The following is the second section of a three-part article focusing on ways a small business can personalize their marketing efforts.Â As mentioned in the first post, I’m not referring to personalizing mass produced printed materials.Â
Instead, I’m focusing on those little “human” touches that mean a lot to your best customers, prospects, industry allies and employees.Â I refer to this group as your “focused contacts.”Â The first part, posted on June 25, addressed handwritten messages.
The second way to personalize your marketing efforts is to demonstrate how much you appreciate your customers.Â
First are on-going methods such as
- acknowledging customers by name
- offering a place for customers to display a stack of their business cards so others may take one
- touching base with a prospect about some other need they mentioned during your presentation or discussionÂ
- providing a simple way for contacts to opt out of receiving your company’s routinely distributed promotional materials
- organizing free workshops in which you partner with related professionals to offer meaningful informationÂ Â Â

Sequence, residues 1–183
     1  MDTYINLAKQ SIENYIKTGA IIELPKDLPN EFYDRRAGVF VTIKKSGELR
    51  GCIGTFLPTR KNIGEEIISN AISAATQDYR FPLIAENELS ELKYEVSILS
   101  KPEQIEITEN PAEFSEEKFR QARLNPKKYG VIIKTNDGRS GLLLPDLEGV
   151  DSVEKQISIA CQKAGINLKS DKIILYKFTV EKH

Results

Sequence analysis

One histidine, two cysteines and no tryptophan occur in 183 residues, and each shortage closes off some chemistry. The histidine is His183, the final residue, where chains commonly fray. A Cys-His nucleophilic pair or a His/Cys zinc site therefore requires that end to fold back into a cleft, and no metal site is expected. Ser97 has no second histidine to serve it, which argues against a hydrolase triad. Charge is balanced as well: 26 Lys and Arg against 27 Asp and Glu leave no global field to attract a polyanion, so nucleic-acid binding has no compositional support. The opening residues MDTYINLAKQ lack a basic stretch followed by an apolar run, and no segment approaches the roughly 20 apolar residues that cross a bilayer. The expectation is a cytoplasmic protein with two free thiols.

- sending a testimonial from an existing customer to a prospect
- writing thank you notes and placing phone calls as previously discussed
- establishing a client or customer board of the month featured at your office, retail store, newsletter or website.
Financially, you may
- offer discounts if they bring in a postcard or mention your notice about customer appreciation day or week
- hold a monthly drawing forÂ FREE use of a chauffeur,Â prepared meals, financial check-up, golf packages,Â etc.Â Â Â
- donate to your focused contact’s favorite charity in his or her name
- invite focused contacts to try a new product or service at no charge or at minimal cost, dependent upon the product or regulationsÂ Â
- establish a frequent purchase program (yes, this does require you to keep track of all customer purchases) to provide rewards.Â Use this opportunity to have some fun and select meaningful items or services.
- inform customers of special sales involving their frequently purchased items (here again, don’t forget the usefulness of a customer database), or if you have a top-selling item that your best customers frequently purchase
- publish aÂ picture in the local paper, perhaps quarterly, of an important customer, employee or ally
- host an event where you don’t talk business such as a picnic, BBQ or softball tournament.
Â The final part of this series will focus on personalizing customer service.